Robert Perry (my personal favorite designer), Keel Design According to Perry on the Sail Far Live Free blog:

I have designed a series of full keel boats (Baba 30, Baba 35, Baba 40, Tashiba 31, Tashiba 36) and all of these boats sail quite well. But I have pulled the leading edge of the “full” keel aft and tried to give it a reasonable leading edge in terms of shape. Some people call these designs “modified full keels”. That’s OK but those labels can be pretty nebulous. Probably my biggest complaint with full keel designs is that they seldom if ever back up well under power. They also add a lot of wetted surface and that can kill light air performance. Plus, they are so long in chord that if you give them a good efficient foil say with a thickness ratio of 10% (width of the keel compared to the chord length) you will end up with a fat keel that adds too much displacement to the boat. And the funny thing is, and it’s not intuitive, all that keel volume is on the wrong side of the righting arm when the boat heels over. So technically a big full keel can reduce your righting moment.  Go ahead and love your crab crusher full keel boat but don’t try to justify the design on technical terms. Some traditional full keel designs have a lot of subjective, aesthetic appeal. That’s good enough reason to love your boat.

We don’t have to guess anymore about keels and draft. I use a Velocity Prediction Program (VPP) to analyze my hulls and keels. I can try various keels and drafts and pick the one that gives me the best combination of performance results. We reduced the draft on CATTARI 6” after doing a series of VPP runs.

I included this last bit from Robert Perry to highlight a point I often make.  Too often we fall in love with a look of a boat or how salty we think it makes us to have certain aspects of a design.  But seldom do most people actually understand what that feature actually does for performance.  Also, I often get chastised from old, salty types for bringing up that boats designed by computers have advantages over older designs done by hand.

Several weeks ago I came across this blog post: How to Sail a Morgan Out Island 416.  Many of the characteristics described in this post are similar for modern cruising boats like the Catalina 310 and Catalina 350.

All yachts are a compromise. As such, each design has its strengths and weaknesses; the Out Island 41 is no exception. She is very beamy to allow for more living space below and more room to enjoy the pleasures of being on deck. In addition, her draft was kept relatively shallow so as to allow her owners to enjoy many anchorages and gunk holes. These can be enjoyed only by dinghy when sailing deeper draft yachts. As a beamy, shallow draft yacht, she must be handled on some points of sail in a slightly different way than a deeper draft yacht with less beam. The most prominent distinction exists on the wind and close reaching. Sail trim on both these points of sail is critical for optimum performance.

This post goes on to describe some specific techniques for different points of sail and conditions.  Almost all of these tips hold true for our Catalina 310 and some other modern designs like Jeanneaus that we have sailed.

The way I often describe it to people is you have to sail a modern cruising boat almost like a catamaran.  My Catalina wants to sail flat footed.  We typically stay between 10-15 degrees of heel.  If we are heeling over 20 degrees we can see a noticeable reduction in our speed.  Compare that to a Pacific Seacraft 36 that feels like it will heel to 25 degrees with the slightest breeze but can’t get pushed over 40 degrees in gale force winds. This gets back to the form stability vs. overall stability discussed above; it’s like comparing Hull A (Pacific Seacraft) and Hull C (Catalina) in the article from  M.B. Marsh Marine Design.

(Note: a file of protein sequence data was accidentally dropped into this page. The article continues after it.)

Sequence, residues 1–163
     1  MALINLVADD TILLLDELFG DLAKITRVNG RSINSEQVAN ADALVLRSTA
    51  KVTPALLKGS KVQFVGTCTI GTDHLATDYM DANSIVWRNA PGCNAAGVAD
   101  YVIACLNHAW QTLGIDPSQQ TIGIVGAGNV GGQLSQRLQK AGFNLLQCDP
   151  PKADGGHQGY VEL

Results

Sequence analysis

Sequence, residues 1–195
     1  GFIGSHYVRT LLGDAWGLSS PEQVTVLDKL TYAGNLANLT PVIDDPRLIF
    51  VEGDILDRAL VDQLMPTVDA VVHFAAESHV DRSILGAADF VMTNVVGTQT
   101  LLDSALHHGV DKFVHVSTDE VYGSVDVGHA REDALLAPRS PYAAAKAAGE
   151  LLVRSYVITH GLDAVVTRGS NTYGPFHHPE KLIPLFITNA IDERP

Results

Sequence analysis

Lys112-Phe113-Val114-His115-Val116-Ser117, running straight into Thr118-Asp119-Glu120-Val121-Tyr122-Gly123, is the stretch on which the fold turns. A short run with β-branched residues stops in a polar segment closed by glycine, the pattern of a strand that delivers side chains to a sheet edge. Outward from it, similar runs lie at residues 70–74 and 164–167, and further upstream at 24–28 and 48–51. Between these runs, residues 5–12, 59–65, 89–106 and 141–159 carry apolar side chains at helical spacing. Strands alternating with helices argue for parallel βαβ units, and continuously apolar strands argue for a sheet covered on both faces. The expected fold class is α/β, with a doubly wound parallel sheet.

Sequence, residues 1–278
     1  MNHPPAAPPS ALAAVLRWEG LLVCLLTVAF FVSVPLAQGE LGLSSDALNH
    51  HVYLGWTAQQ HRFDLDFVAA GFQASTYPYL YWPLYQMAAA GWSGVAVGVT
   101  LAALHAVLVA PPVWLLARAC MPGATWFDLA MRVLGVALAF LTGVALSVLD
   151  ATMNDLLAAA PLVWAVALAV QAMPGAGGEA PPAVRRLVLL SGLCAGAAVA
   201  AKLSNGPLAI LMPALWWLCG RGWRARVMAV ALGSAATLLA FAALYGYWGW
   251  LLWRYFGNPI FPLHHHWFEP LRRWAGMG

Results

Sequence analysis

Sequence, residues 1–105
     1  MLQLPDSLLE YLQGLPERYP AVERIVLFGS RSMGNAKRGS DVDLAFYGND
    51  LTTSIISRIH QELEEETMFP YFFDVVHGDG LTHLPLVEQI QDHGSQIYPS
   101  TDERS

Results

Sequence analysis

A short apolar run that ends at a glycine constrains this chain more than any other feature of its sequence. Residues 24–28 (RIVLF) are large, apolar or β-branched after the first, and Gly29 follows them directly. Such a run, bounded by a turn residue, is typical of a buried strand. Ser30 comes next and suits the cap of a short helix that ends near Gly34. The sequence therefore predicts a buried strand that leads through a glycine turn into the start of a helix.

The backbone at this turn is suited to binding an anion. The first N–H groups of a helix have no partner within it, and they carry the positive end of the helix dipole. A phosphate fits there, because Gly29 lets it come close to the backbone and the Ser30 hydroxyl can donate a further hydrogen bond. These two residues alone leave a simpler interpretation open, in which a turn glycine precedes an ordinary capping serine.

If you sail a beamy, modern hull over heeled it will not point well. The keel is designed to stay deep in the water and not be up closer to the surface.  With the keel up high, you will have sideslip and your will not point well.

So REEF!  Reefing is not a sign of defeat or the sign of a beginning sailor.  On most points of sail we need to reef at around 18 knots or we lose significant speed.  The good thing is that Catalina designed our boat to make this easy.  We have factory installed, single line, slab reefing.  This means all you need to do to reef the main is ease off the sheet until luffing, release the main halyard and ease it down while taking up the reef line, once the reef point is down to the boom lock it in and retention the main halyard.  All of this can be accomplished from the cockpit in under a minute if you are well practiced.

There are many other small pointers such as sail trim, lead positions, etc. but the article on sailing a Morgan Out Island already does a great job of listing these so I won’t repeat them here.

In my opinion there are very few bad boats.  Boats are designed for a purpose and a price point.  Add to that some aesthetic characteristics.  To balance all of these you need to make compromises.  I always say that a boat is a series of compromises and it’s finding the balance of these that best fit your wants and needs that will make for a good match between the boat and owner.

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6 thoughts on “Sailing a Modern Hull

  1. You hit the nail on the head, Jesse. We have sail our boats with an understanding of its particular underwater shapes, beam, and ballast to sail it effectively and efficiently.

    My boat (Watkins 27) has similar beamy issues. It has to be sailed flat-footed, or it drifts off to leeward badly. This means sail reduction earlier, and a balanced sail plan is better the headsail alone or main alone (no matter how lazy I’m feeling). Also, those of us with much older boats need to give attention to the age and condition of our sails. Good sail condition is essential to good performance and, if like me you are moving away from roller furling headsails, a reasonable inventory of sizes or reef-ability is required.